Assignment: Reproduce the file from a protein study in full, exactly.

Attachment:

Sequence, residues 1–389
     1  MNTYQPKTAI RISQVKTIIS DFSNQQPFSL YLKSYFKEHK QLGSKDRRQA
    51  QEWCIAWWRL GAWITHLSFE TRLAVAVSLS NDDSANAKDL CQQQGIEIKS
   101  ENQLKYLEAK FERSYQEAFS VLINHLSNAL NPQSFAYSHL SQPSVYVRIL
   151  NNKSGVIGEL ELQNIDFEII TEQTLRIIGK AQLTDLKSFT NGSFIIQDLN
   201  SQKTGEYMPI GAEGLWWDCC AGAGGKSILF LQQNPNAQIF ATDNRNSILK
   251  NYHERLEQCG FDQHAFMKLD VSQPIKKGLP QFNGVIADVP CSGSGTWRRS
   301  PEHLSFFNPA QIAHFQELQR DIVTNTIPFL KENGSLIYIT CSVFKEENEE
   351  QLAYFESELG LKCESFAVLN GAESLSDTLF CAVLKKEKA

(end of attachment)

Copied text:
Sequence, residues 1–389
     1  MNTYQPKTAI RISQVKTIIS DFSNQQPFSL YLKSYFKEHK QLGSKDRRQA
    51  QEWCIAWWRL GAWITHLSFE TRLAVAVSLS NDDSANAKDL CQQQGIEIKS
   101  ENQLKYLEAK FERSYQEAFS VLINHLSNAL NPQSFAYSHL SQPSVYVRIL
   151  NNKSGVIGEL ELQNIDFEII TEQTLRIIGK AQLTDLKSFT NGSFIIQDLN
   201  SQKTGEYMPI GAEGLWWDCC AGAGGKSILF LQQNPNAQIF ATDNRNSILK
   251  NYHERLEQCG FDQHAFMKLD VSQPIKKGLP QFNGVIADVP CSGSGTWRRS
   301  PEHLSFFNPA QIAHFQELQR DIVTNTIPFL KENGSLIYIT CSVFKEENEE
   351  QLAYFESELG LKCESFAVLN GAESLSDTLF CAVLKKEKA